Photographer Eric Pickersgill created a photo series called “Removed,” based on a casual observation he had one time at a local café. In his mildly edited photos, he takes all electronic devices out of the pictures to portray the significant yet often unnoticed disconnect that happens in our everyday lives.
“Family sitting next to me at Illium café in Troy, NY is so disconnected from one another. Not much talking. Father and two daughters have their own phones out. Mom doesn’t have one or chooses to leave it put away. She stares out the window, sad and alone in the company of her closest family,” Eric talks about that day in the café that inspired the project. “Dad looks up every so often to announce some obscure piece of info he found online. Twice he goes on about a large fish that was caught. No one replies.”
He continues, “I am saddened by the use of technology for interaction in exchange for not interacting. This has never happened before and I doubt we have scratched the surface of the social impact of this new experience. Mom has her phone out now.”
According to the Pew Research Center, a staggering 65% of American adults use social media today. This is a steep number compared to 10 years ago when Pew’s research started and only 7% of the country did social media.
Many would deem this a “digital pandemic,” with us seeing people looking at their phones more than smiling at each other. While we the creatives here at TAE love social media and electronic devices too, we try our best to do it within moderation of course. However we have observed the same thing nearly everywhere we go, and we’re sure so have you.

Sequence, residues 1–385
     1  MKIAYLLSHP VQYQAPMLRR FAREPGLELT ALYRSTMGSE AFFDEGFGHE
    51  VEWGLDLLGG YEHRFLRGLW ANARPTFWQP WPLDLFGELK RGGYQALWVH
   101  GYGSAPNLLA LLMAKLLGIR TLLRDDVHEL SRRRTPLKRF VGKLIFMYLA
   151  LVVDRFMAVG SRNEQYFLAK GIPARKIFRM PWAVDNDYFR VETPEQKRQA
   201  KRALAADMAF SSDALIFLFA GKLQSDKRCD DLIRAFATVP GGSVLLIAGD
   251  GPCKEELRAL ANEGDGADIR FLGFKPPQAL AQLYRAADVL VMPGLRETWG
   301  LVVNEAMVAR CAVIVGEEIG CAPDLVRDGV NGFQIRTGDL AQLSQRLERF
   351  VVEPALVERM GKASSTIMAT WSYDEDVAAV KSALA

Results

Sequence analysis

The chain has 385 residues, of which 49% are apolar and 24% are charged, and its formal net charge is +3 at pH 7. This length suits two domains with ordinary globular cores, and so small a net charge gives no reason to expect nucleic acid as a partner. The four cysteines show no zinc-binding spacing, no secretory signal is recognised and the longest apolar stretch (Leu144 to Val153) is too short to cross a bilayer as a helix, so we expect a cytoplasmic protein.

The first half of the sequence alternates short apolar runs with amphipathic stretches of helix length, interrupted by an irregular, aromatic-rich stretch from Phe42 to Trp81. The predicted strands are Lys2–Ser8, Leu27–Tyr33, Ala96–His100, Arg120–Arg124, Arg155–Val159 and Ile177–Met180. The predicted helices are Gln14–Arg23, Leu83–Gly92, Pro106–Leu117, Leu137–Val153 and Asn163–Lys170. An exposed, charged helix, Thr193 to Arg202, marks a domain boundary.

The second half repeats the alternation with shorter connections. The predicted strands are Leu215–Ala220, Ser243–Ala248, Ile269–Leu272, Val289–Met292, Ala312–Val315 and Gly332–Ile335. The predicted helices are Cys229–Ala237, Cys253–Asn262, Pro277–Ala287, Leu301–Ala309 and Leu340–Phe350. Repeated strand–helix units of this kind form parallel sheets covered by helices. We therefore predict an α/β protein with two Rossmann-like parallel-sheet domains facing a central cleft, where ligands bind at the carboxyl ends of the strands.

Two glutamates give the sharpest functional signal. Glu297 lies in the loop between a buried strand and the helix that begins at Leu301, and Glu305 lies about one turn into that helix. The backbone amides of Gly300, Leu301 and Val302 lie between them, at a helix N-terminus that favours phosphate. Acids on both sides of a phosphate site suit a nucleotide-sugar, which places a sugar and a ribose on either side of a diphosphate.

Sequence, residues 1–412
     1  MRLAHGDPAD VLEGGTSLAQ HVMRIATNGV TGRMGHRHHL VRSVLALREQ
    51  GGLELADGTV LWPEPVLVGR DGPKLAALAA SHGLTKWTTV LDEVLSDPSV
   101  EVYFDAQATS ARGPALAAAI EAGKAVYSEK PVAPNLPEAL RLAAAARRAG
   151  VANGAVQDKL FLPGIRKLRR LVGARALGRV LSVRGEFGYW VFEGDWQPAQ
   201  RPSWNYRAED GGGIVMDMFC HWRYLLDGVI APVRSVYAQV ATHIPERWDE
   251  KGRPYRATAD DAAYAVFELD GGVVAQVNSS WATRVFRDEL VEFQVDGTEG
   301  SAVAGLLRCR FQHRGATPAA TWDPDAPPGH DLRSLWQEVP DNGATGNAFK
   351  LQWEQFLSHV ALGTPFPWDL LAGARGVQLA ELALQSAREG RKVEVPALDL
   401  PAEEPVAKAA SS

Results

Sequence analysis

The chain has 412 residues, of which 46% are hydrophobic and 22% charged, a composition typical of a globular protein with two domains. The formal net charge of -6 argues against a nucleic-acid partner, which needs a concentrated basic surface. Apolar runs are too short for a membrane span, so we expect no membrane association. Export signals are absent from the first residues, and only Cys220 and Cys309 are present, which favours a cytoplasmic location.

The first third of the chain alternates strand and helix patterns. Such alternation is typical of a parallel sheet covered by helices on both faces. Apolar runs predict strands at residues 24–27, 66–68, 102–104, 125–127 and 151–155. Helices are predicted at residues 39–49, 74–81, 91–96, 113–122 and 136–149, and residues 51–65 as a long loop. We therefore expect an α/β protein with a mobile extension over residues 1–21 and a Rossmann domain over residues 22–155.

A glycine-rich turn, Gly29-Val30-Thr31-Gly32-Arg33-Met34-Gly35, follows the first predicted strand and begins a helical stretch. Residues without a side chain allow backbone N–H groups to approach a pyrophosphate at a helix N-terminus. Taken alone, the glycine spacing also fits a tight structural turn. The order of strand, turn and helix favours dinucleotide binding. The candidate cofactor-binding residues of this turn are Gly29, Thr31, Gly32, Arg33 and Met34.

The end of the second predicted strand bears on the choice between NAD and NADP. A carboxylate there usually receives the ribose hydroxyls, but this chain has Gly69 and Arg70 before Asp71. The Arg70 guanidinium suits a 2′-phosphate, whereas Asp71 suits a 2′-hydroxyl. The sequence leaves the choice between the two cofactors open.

Born in 1986 in Florida, the Charlotte, North Carolina-based artist is a certified millennial who grew up right in the middle of the age of technology. Have a look at Eric’s astounding series and see how it might touch you and make you rethink how you interact with the people around you. Hopefully this series goes viral enough that people can understand what’s going on. While the pictures are posed, the artist’s sentiments are real.
“The large format portraits are of individuals who appear to be holding personal devices although the devices have been physically removed from the sitter’s hand. They are asked to hold their stare and posture as I remove their device and then I make the exposure,” he reveals on his website. “The photographs represent reenactments of scenes that I experience daily.”
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Check out more of the series at the Removed page, or view the artist’s website for more of his photo projects. He also has an Instagram you can follow. All pictures are shot by and owned by the artist.
h/t: Collective Evolution